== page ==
Music is everywhere, but do we really listen? With high-tempo dance music in shops and computerised Mozart as we wait for a phonecall to be connected, it seems impossible to escape the relentless soundtrack to modern life. Indeed, with shopping centres piping classical music to scare off hoodies, and bored kids blasting tinny R&B from their phones on public transport, music often seems to be a weapon, used to mark out territory rather than played for the joy of it. Some argue that we are forgetting how to listen properly, and that ever-present jingles and mood music are contributing to ever-shrinking attention spans. Many champions of classical music even hate Classic FM, while MTV is accused of turning music into wallpaper.
Should we put a stop to muzak, and switch off that radio? Should we learn to relish silence, the better to appreciate real music? Or is this objection to ubiquitous music just a form of snobbery? Do people simply get used to unwanted noise, and listen attentively when there’s something worth listening to? Is it time to turn it off, or is it just a question of quality over quantity?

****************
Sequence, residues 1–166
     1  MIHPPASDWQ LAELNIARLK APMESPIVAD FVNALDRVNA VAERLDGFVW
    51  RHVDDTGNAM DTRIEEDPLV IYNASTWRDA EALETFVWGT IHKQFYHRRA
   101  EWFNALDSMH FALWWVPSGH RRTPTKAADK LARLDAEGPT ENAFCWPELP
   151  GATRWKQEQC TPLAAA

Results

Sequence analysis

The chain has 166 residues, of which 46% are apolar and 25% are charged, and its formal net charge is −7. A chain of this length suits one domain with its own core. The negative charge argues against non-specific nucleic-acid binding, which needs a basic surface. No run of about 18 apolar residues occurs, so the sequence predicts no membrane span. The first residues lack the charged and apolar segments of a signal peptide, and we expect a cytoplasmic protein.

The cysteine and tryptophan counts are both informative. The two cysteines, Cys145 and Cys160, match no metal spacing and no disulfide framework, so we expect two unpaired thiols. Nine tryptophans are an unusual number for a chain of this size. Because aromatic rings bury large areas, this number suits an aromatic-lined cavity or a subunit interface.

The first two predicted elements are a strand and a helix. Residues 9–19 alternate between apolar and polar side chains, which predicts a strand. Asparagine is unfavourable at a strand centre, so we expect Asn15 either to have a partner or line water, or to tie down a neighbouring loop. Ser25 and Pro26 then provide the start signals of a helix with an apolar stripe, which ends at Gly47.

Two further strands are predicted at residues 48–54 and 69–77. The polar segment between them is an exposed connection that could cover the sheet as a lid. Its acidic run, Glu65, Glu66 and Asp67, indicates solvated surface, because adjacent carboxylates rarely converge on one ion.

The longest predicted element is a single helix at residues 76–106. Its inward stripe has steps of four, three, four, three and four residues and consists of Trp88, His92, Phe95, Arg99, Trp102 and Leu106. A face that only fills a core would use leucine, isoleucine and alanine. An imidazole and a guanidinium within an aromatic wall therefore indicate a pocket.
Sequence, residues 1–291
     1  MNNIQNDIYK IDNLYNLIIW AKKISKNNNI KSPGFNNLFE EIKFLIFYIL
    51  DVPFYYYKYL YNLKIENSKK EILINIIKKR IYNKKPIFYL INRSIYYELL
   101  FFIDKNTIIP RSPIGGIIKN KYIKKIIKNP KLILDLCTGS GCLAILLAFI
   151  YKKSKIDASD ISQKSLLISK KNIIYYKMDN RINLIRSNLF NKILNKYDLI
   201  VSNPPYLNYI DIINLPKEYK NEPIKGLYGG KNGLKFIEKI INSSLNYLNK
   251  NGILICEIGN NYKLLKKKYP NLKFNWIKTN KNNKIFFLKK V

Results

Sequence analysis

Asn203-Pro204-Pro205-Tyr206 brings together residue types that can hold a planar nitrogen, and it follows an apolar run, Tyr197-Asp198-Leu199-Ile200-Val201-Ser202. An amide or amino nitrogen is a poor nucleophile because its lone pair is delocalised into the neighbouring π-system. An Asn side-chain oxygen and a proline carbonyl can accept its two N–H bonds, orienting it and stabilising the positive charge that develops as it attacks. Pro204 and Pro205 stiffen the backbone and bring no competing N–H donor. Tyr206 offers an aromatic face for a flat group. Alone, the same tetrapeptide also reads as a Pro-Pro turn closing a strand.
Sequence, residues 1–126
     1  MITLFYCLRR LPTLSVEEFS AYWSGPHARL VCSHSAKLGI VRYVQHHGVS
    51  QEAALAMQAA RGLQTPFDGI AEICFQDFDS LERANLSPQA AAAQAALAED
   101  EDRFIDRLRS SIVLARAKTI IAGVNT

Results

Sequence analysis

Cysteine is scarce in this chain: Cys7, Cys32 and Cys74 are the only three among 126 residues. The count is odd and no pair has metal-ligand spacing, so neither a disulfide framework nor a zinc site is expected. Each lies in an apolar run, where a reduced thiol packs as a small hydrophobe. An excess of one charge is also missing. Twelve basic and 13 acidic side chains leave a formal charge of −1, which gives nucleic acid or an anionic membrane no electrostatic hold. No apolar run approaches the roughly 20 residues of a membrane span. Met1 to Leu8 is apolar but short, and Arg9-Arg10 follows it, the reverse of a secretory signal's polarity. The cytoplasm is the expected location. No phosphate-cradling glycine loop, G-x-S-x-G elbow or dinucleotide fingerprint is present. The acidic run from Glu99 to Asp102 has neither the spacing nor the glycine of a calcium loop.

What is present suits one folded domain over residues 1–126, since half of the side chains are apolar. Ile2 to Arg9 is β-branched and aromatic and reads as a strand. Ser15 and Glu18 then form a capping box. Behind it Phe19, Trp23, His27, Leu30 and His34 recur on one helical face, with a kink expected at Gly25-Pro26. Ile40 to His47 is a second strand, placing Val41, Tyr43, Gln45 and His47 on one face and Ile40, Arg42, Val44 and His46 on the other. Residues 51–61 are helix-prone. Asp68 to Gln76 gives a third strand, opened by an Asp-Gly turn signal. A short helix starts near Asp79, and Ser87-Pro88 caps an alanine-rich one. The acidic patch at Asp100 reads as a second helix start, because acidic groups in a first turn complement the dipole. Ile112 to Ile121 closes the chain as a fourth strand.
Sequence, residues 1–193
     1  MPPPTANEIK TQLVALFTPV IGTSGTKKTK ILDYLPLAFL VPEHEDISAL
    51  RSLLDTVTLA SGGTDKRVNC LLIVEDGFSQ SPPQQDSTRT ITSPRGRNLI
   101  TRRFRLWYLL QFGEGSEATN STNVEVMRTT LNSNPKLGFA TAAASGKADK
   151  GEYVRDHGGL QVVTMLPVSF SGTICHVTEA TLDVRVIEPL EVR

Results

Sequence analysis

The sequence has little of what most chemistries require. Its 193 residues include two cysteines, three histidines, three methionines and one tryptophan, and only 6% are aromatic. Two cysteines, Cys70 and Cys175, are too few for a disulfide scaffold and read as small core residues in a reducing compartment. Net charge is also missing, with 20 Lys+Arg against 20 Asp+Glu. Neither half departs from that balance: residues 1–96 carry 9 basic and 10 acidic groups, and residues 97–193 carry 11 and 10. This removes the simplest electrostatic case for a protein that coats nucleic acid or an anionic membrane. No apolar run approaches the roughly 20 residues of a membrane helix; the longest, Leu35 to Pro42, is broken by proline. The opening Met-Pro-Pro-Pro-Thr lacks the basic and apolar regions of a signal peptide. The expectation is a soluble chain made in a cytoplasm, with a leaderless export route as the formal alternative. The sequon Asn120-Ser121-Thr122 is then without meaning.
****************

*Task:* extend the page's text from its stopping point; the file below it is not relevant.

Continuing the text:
|Professor Colin Lawson|
director, Royal College of Music; period clarinettist; author, Mozart: Clarinet Concerto and Brahms: Clarinet Quintet
|Professor Stuart Sim|
professor of critical theory, University of Sunderland; author, Manifesto for Silence: Confronting the Politics and Culture of Noise
artist; founder, No Music Day, a five year plan to promote debate about our ever-shifting relationship with music
arts broadcaster, Resonance FM; writer on contemporary notated and experimental music
|Dr Claudia Molitor|
composer; director, Soundwaves Festival; participant in spnm's 2006/7 Adopt a Composer scheme
associate fellow, Academy of Ideas; author, That Existential Leap: a crime story (forthcoming from Zero Books)
|Dolan Cummings associate fellow, Academy of Ideas; author, That Existential Leap: a crime story (forthcoming from Zero Books)|
|Cara Bleiman teacher, Arnhem Wharf Primary School|
|recommended by spiked|